If it is adjusted so that the 2nd click (pulling cable) puts the FD right over the largest chainring, then I would expect the first shift-down to move the FD too much, so it doesn’t stop at the middle chainring.

      I would get a Tiagra FD to solve the problem. Or choose some other front shifter.

      See the article on front shifter compatibility (including the last chapter “Trim option”).

  5. i usually use either velox or zefal rim cloth adhesive rim tapes as these have never failed on me,the secret to using these rim tapes is get ones that go past the rim holes well,if you use the skinny 13mm ones they will slip past the rim holes,17mm ones are good for most road bikes.at the moment there seems to be a worldwide shortage of these rim tapes and just wondering if any readers have a home made solution.

    Reply
  6. Please could you help? I have a road bike with shimano 7 speed cassette and twin chainset, indexed gears.
    I am struggling to find bits to renew the drive chain . . . . I have located a chain , and a cassette. I am struggling to find 130 bcd chainrings withbthe correct number of teeth. Well I have found some, but they say they are for 10/11 speed. Are rhese going to be ok with my set up. If not what issues would i experience?
    Thank you

    Reply
    • Hi Chris,

      Are you replacing only the chainrings – while keeping the cranks?

      In that case, I’d just make sure that the new chainrings can be bolted securely and give it a test ride. Expecting it to work OK.

      Relja

  7. you can buy new 8 speed chainrings that are 130 bcd ,7 speed and 8 speed chainrings are the same,130 bcd and 135 bcd are very common sizes.most teeth sizes are available,10 or 11 speed should still work but those chainrings will be thinner.

    Reply
  8. you could even replace the whole crankset complete with chainrings,sometimes that actually works out cheaper

    Reply
    • there are alot of retro style remakes being made in double chainrings complete with cranks,the 7 speed alloy cranksets can usually be found on ebay,some bike shops have them too.type in retro parts when chasing up spares for older retro style bikes,google will find all parts on the market,if it does not show up in google then most likely the part is no longer on the market.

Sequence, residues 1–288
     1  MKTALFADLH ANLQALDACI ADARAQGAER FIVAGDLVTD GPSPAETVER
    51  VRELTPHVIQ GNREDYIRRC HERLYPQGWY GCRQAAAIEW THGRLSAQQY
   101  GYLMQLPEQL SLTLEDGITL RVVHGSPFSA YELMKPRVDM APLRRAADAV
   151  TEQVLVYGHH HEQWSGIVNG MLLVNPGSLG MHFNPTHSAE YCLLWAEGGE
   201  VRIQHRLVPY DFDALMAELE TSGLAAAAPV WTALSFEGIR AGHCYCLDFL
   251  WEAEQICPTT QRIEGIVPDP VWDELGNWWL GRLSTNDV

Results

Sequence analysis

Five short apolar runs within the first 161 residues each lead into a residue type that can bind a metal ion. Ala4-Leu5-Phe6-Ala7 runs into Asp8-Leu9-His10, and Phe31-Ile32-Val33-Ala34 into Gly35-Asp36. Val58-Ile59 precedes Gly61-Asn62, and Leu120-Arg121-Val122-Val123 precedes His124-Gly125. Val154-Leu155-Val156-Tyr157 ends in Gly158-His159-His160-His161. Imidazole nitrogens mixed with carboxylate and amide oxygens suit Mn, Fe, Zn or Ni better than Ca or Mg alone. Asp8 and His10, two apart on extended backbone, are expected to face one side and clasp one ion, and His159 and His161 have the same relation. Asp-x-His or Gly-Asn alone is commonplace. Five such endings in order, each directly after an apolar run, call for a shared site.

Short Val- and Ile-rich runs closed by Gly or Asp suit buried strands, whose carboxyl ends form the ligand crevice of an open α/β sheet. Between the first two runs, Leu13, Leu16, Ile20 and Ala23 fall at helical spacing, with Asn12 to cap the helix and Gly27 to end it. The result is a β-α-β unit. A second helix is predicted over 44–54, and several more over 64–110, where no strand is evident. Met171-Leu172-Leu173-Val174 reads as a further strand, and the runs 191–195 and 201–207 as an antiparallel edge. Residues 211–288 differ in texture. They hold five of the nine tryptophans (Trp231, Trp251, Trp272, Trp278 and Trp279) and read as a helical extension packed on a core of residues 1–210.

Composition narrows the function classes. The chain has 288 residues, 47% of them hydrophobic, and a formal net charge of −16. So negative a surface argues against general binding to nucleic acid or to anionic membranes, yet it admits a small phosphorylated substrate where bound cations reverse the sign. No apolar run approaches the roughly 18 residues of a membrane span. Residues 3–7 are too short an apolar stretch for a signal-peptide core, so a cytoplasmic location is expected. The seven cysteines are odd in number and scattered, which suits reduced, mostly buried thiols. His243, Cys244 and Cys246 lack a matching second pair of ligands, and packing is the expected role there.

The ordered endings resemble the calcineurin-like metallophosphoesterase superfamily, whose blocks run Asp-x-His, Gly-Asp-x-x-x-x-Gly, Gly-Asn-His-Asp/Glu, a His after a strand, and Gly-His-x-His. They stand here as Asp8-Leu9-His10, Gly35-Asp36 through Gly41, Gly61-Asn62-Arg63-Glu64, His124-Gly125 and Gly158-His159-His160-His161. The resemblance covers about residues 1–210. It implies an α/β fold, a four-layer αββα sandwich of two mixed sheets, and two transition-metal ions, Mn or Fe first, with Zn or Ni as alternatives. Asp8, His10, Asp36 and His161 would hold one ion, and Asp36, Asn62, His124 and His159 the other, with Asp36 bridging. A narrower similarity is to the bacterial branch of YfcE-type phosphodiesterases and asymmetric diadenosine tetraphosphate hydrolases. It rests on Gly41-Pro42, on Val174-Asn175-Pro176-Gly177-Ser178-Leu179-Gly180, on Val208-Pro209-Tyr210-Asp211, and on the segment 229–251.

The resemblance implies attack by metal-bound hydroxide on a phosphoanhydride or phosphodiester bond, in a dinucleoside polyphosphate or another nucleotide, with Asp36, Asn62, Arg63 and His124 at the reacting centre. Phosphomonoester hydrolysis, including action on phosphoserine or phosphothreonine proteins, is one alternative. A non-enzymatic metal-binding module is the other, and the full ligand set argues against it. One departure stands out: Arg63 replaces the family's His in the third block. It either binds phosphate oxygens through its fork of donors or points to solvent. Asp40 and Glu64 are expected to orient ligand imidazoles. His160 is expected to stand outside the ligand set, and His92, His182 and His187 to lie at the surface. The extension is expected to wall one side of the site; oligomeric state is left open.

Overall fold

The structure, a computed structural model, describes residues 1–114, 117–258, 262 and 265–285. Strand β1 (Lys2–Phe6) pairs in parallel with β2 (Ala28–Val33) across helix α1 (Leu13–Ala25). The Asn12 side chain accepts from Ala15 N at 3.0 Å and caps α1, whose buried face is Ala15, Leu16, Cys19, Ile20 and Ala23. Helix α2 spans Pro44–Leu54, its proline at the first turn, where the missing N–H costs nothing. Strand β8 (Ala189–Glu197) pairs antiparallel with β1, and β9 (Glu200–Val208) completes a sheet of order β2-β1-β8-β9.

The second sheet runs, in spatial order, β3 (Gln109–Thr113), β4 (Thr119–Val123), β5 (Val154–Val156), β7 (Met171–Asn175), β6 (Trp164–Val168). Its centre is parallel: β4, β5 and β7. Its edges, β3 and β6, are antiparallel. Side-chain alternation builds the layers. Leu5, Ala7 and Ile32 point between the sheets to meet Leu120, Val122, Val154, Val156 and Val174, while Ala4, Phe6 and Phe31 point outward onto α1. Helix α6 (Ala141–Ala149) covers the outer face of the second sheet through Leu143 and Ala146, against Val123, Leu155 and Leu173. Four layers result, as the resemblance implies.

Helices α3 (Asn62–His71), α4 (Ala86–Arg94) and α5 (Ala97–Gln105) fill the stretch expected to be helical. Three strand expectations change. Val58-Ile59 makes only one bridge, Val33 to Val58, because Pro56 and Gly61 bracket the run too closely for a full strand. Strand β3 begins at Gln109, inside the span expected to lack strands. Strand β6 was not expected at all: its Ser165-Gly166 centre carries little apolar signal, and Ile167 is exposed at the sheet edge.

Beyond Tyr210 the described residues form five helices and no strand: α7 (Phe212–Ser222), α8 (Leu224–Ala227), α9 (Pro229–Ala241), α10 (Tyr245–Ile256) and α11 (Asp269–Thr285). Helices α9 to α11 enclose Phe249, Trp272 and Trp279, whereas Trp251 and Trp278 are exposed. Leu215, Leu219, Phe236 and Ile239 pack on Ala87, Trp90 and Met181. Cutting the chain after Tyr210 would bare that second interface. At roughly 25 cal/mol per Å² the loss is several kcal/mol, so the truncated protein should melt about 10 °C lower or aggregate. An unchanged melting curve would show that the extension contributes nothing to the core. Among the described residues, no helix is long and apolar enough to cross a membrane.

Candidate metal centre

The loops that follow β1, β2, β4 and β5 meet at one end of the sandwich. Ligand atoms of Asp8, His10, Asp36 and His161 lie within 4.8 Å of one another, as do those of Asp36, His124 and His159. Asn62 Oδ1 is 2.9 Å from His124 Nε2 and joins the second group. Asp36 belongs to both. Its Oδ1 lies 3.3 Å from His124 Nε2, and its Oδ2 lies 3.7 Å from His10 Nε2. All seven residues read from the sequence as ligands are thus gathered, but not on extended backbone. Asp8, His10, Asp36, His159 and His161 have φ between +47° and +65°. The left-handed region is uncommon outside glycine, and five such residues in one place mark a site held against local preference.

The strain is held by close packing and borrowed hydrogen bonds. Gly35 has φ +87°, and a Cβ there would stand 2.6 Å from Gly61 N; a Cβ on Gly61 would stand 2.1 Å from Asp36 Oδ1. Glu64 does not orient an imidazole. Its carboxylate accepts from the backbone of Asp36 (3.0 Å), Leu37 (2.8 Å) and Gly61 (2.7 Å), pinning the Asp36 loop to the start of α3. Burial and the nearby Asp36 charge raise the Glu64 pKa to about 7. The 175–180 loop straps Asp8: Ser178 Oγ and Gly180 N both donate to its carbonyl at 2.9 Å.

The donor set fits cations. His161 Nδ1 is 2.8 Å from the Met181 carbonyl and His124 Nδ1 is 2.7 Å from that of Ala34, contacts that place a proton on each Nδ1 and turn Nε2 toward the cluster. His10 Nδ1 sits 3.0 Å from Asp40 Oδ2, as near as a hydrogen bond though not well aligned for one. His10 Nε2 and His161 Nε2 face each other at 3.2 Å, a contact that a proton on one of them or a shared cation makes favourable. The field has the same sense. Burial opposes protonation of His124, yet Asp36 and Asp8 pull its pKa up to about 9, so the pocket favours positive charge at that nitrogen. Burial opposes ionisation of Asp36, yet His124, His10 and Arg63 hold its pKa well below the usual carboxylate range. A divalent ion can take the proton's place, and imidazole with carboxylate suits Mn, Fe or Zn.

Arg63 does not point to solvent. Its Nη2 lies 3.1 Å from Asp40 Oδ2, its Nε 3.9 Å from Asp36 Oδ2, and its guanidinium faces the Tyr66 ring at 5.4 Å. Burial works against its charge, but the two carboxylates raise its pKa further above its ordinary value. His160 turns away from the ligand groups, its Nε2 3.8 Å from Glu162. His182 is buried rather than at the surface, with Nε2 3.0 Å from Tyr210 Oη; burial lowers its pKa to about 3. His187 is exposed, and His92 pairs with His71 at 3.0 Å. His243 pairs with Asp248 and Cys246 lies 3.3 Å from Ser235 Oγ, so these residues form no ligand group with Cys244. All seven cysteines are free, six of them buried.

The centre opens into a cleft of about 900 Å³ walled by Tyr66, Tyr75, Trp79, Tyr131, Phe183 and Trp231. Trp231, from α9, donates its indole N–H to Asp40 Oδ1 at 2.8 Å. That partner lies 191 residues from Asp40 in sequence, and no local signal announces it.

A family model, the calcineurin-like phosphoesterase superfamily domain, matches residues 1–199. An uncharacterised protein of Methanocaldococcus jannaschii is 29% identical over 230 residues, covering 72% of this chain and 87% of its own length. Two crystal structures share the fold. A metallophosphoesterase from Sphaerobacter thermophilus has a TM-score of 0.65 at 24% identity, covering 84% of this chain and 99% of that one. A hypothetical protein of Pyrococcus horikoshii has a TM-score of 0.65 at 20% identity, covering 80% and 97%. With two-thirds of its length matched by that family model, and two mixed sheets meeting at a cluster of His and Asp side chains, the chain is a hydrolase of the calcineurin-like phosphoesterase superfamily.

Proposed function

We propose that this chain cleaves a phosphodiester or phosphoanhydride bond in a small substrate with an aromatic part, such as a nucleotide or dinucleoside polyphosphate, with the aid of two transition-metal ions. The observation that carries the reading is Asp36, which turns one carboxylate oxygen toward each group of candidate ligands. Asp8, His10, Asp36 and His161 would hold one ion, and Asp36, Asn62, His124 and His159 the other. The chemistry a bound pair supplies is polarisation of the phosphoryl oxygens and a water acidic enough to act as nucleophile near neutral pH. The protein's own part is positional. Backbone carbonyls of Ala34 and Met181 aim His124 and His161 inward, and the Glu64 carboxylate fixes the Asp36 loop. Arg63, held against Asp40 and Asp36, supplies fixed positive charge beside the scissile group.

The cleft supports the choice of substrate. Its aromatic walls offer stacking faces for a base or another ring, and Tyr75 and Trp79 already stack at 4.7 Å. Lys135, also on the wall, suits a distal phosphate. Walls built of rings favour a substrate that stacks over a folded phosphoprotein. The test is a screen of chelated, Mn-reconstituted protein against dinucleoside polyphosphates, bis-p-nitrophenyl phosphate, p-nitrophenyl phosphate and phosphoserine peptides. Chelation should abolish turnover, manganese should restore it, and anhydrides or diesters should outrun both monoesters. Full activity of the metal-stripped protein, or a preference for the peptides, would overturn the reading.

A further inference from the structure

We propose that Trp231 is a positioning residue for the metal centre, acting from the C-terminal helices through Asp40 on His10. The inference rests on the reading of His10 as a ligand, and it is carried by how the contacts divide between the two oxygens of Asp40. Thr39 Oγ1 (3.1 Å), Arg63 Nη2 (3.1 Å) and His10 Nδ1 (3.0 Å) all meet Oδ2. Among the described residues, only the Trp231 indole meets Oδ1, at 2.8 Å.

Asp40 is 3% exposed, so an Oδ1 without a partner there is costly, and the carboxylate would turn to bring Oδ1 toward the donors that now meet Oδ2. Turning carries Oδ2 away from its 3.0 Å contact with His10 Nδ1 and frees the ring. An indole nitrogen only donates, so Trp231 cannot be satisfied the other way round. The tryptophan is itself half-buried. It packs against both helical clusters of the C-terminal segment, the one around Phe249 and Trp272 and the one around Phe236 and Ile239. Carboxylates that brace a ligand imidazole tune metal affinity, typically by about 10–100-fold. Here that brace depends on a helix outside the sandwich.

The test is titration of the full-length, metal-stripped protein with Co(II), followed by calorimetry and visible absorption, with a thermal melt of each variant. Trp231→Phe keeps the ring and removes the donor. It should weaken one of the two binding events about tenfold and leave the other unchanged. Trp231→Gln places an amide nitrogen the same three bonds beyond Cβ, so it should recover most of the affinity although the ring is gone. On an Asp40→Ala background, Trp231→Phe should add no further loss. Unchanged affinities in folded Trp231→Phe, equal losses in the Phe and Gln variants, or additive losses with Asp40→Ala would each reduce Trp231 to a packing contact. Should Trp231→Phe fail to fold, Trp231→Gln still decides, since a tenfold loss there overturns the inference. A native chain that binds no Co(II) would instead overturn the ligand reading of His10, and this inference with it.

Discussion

9. Hey guys new to riding again. Just bought a small ebike offline from China. Its has seatpost clamp measures 34.9 but there are no measurements on actual seatpost. Original shipped to me bent and now its too hard to adjust seat height when riding and putting in my car and needs to be replaced.
    I have no idea what size post I need to buy and which one is strong and tall enough to fit my frame of 6’4 and 370lbs.
    I was looking at Thompson Elite, Thudbuster Lt, Ritchey, and Syntace. But I don’t know which to go with to hold my weight and is tall enough for comfortable ride.

    Also, need to extend factory handlebars because they are too short as well. Need new stock bars for low-end HD Tea electric bike I found on ebay.

    Thanks for any help and advice you can offer a newbie
    Char

    Reply
    • Hi Char,

      As I like to say: “One good measurement is worth a thousand expert opinions.” For more details, see:
      Seatpost diameter standards and how to measure them

      After you are certain which size (diameter) you need, measure which length you need. For that you should consider:
      Minimum seatpost insertion length
      I.e. add that to the amount of the seatpost sticking out of the frame.

      Once you have those important measurements, you can start looking for a matching seatpost that is strong enough.

      Ritchey generally makes decent quality stuff – but avoid their “WCS” (World Championship Series) components since they are built to be as light as possible, at the expense of any “needless” extra weight (and strength).

      Generic, cheap, Chinese-made steel seatposts can be heavy but very strong (though not always, unfortunately).

      What I often do is go to a local bicycle shop I trust and plainly ask “what’s the cheapest that’s any good.” They usually know which models are least often returned.

      That’s especially effective nowadays when most manufacturers change models each year, making them sometimes better, sometimes worse. Bike shops that sell a lot of parts get feedback relatively quickly.

      Hope this helps. 🙂

      Relja